Announcements of consumer photo gear are heavy at the moment. Mostly of products designed to make amateur photography click-simple. Many tout ‘Pro Features’ but the target audience for the majority of photography gear is advanced or not so advanced amateurs.
What is not mentioned is the exciting new tech that was announced just a few months ago. All that stuff is now old hat. The half-life of camera gear is short and getting shorter. On the other hand here is an extreme example of longevity from film days.
The Argus C3 started production in 1938 and was produced until 1966. Gear had longer shelf life in the days BD (before digital). This one is displayed in my office. It looks rough but still works. Most digital cameras will be outmoded within five years. Judging from past performance some things announced today may well be replaced within a year. As long as digital technology is evolving at a fast pace we will not have cameras with lifespans of more than a few years. Fashion and marketing also play a role of course.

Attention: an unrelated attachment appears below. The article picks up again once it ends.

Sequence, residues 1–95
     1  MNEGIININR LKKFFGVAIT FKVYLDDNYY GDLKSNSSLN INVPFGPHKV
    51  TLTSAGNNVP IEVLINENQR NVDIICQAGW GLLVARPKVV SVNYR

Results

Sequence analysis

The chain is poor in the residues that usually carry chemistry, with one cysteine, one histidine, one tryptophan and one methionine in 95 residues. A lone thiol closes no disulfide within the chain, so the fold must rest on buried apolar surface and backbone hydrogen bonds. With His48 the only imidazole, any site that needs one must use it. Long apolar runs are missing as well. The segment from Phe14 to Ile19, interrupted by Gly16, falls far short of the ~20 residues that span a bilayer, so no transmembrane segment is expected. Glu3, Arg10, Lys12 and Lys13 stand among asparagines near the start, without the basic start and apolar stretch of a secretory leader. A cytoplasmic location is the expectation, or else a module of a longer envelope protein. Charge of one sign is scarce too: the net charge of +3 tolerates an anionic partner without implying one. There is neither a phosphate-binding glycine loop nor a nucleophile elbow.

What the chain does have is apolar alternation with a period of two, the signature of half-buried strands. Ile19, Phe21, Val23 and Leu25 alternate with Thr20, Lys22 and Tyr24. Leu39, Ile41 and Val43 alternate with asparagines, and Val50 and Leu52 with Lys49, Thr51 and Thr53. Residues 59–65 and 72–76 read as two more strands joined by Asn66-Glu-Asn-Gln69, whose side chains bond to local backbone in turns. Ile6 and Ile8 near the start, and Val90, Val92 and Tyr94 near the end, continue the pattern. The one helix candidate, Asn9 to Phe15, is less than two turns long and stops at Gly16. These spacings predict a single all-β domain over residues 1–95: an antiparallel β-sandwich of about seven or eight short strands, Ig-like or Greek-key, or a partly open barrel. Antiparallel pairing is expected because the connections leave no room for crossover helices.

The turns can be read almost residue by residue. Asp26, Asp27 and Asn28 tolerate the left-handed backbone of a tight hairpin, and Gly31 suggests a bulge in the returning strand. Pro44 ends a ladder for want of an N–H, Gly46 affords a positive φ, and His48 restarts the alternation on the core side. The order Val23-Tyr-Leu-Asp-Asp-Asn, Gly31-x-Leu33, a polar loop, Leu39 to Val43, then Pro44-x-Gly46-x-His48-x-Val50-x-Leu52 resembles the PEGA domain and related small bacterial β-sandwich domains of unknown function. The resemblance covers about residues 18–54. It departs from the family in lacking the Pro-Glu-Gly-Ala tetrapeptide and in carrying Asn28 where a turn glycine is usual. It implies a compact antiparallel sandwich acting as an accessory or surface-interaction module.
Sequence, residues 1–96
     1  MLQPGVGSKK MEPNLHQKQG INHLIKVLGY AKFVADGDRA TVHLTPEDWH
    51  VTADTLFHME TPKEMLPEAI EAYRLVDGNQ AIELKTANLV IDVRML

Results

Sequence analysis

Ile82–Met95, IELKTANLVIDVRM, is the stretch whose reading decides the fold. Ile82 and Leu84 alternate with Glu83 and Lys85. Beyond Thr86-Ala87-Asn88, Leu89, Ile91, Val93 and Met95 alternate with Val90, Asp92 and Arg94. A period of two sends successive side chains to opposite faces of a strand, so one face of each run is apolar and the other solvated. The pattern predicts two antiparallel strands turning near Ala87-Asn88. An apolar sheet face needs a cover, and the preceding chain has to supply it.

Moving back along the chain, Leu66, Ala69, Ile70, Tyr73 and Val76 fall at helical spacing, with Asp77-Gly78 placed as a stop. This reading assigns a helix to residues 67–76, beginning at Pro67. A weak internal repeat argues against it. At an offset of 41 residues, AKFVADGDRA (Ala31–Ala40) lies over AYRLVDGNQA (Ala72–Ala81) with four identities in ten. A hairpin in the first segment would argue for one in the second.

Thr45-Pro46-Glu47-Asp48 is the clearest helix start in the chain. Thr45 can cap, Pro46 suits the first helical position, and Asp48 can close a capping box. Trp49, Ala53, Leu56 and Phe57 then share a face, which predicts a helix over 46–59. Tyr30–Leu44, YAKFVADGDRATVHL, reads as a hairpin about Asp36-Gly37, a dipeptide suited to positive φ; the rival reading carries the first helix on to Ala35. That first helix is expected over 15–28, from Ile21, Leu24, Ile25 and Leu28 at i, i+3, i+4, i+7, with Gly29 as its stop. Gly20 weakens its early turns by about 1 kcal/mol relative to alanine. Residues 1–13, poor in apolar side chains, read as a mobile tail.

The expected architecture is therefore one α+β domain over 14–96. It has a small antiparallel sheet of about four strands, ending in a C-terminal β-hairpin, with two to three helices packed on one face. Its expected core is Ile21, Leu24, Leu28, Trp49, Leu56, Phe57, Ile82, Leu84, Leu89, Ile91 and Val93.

Should we buy the latest new gear? Yes indeed. Will the new gear improve the quality of our work? Not that much. Excellent photographs are not found in cameras. They are products of individuals using cameras effectively with purpose. Then again anyone can get lucky.
For most of us skill comes with practice. Some will show excellence immediately after picking up a camera. Some will never make a decent photograph. Most of us end up in the middle as family photographers capturing what used to be called Kodak Moments. Humble as this may sound it is photography with purpose. The photo album is an essential historical archive for many families.
My goal is to make excellent photographs. I probably need at least 36 megapixels and a new tripod just for starters.